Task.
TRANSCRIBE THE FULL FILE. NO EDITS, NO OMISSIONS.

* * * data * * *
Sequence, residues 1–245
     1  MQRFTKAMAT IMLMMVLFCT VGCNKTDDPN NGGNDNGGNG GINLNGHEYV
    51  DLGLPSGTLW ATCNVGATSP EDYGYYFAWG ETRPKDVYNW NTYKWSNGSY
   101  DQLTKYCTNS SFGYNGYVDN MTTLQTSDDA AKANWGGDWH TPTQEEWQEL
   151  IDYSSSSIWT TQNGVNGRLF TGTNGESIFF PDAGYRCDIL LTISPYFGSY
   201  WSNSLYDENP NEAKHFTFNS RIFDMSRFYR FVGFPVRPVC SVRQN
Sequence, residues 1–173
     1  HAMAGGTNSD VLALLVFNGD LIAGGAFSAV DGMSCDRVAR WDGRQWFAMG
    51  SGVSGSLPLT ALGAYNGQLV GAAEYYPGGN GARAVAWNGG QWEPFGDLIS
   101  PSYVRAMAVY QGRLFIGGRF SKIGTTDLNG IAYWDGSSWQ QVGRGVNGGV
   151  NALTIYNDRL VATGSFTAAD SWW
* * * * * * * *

Sequence, residues 1–245
     1  MQRFTKAMAT IMLMMVLFCT VGCNKTDDPN NGGNDNGGNG GINLNGHEYV
    51  DLGLPSGTLW ATCNVGATSP EDYGYYFAWG ETRPKDVYNW NTYKWSNGSY
   101  DQLTKYCTNS SFGYNGYVDN MTTLQTSDDA AKANWGGDWH TPTQEEWQEL
   151  IDYSSSSIWT TQNGVNGRLF TGTNGESIFF PDAGYRCDIL LTISPYFGSY
   201  WSNSLYDENP NEAKHFTFNS RIFDMSRFYR FVGFPVRPVC SVRQN
Sequence, residues 1–173
     1  HAMAGGTNSD VLALLVFNGD LIAGGAFSAV DGMSCDRVAR WDGRQWFAMG
    51  SGVSGSLPLT ALGAYNGQLV GAAEYYPGGN GARAVAWNGG QWEPFGDLIS
   101  PSYVRAMAVY QGRLFIGGRF SKIGTTDLNG IAYWDGSSWQ QVGRGVNGGV
   151  NALTIYNDRL VATGSFTAAD SWW